There appear to be two factors which has resulted in up to 20% of Britain’s 8 million dogs suffering from allergies and these are (1) failure to expose dogs as puppies to allergens because their lives are too sterile and (2) they live in a human environment which is warm and in which they are shampooed and treated with antihistamines et cetera. They are living like humans and adopting human conditions.
The Times refers to 2 studies on this subject. Dan O’Neill, a senior lecturer in companion animal epidemiology for the Royal Veterinary College said that some of the most common health conditions in dogs in Britain are to do with allergies. These include ear and eye problems and skin irritations. He believes that there are 2.56 million dogs in Britain suffering from inflammation as a specific disorder. Approximately 1.6 million of these dogs’ conditions are linked to an allergic reaction. Labradors are particularly prone to this. Yorkshire Terriers are also in the firing line.
The second study by the Dogs Trust looked at the risk factors of getting an allergy causing skin conditions in 2,445 labradors. The risk factors included being reared in an urban environment, receiving flea control, being neutered, being male and being allowed to jump on and sleep on upholstered furniture. Comment: I wonder if chemicals in the furniture such as fire retardants have an influence over a dog’s immune system? I believe that these chemicals affect the endocrine system.
The Dogs Trust study was published in 2019 in Veterinary Dermatology. If dogs live with other dogs and go for walks on beaches, in woodlands and in fields they fared better and were less predisposed to allergic reactions apparently.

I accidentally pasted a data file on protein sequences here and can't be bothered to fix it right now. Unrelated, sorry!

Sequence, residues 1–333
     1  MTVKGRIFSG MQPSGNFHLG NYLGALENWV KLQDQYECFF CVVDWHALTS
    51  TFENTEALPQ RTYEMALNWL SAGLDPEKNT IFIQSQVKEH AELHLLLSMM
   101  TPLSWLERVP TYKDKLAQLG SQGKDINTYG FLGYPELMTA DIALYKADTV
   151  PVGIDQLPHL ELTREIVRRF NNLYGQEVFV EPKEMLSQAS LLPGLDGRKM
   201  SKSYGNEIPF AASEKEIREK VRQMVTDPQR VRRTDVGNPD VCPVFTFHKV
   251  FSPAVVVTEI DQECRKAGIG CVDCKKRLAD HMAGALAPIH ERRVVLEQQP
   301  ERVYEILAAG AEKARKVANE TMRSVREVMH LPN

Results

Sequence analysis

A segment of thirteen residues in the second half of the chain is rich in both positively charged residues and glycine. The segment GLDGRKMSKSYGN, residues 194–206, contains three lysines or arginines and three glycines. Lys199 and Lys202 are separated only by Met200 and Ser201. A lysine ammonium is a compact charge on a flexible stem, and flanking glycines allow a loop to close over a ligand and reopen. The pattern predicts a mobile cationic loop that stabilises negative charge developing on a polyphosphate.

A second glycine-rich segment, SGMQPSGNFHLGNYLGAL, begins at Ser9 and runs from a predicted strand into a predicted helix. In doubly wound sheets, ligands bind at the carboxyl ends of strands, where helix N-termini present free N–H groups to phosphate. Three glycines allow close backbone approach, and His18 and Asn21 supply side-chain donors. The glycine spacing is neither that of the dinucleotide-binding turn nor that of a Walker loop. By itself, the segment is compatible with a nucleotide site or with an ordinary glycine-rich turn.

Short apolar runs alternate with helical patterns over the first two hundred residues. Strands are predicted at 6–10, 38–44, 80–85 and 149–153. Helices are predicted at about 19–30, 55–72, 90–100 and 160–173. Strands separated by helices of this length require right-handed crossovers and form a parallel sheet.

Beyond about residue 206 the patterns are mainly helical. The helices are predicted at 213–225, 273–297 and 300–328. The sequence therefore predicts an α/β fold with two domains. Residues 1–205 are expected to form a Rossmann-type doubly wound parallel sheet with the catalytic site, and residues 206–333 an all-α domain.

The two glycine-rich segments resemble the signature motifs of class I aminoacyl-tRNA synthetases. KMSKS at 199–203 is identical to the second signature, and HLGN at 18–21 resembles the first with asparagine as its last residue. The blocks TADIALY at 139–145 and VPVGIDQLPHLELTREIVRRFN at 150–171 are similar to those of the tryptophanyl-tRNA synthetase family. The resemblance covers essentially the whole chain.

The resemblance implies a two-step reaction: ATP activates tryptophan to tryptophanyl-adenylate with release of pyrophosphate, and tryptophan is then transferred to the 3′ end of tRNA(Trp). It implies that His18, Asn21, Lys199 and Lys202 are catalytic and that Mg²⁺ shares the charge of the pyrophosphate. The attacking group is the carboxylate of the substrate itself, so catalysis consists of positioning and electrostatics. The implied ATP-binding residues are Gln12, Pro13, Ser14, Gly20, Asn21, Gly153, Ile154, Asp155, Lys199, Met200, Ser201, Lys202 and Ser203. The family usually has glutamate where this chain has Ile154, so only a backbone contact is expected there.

Dr O’Neill believes that the risk factors for allergies have increased. Although there is no data apparently on whether there are more allergies in dogs nowadays than before.
Environmental factors combined with inherited predispositions results in allergic reactions. Exposure to the dead bodies of dust mites on beds and in beds are a risk factor.
Dogs are at increased risk of contracting an allergy the more they live with humans and are exposed to allergens. Working dog breeds are bred to be outside, working and living in kennels. Nowadays they are pampered pooches living inside the homes of people, a far cry from what they are bred for. The human environment inside the home is more likely to trigger allergies.
Dr O’Neill says that “slowly dogs are becoming part of the human family”. A factor, which I’ve mentioned, is that adult dogs’ immune systems may become overly active because of increased sensitivity if they have been raised in a sterile environment. The theory is that if people, cats and dogs are exposed to allergens when they’re very young they develop a resistance to them which prevents their immune systems overreacting when they are older.
An article in The Wall Street Journal (which I presume applies to dogs in America) found that between 10 and 15% had been treated with illnesses due to allergies. American veterinarians believe that skin allergies are more commonplace nowadays. This may be because people are more aware of these issues. Skin allergies can be caused by a sensitivity to dust and feathers and certain types of grass.
Another medical expert, Jordan Beauchamp, the medical director of GoodVets in Chicago believes that as dogs have gradually become more indoor orientated, living in their owners’ homes rather than outside in a kennel, people are watching them more and are therefore are more aware of illnesses.
There also appears to be a lot of protein allergies caused by pet food. Every dog with an allerguy goes through a dietary trial to see whether the condition is caused by food. Gluten intolerance is a potential problem. It’s not clear whether food allergies have increased.
What I, personally, take away from this discussion is that dogs live a slightly less natural life nowadays than they did perhaps a hundred years ago which prevents them building up immunities to allergens as they would have done in the past and allows them to be more exposed to allergens.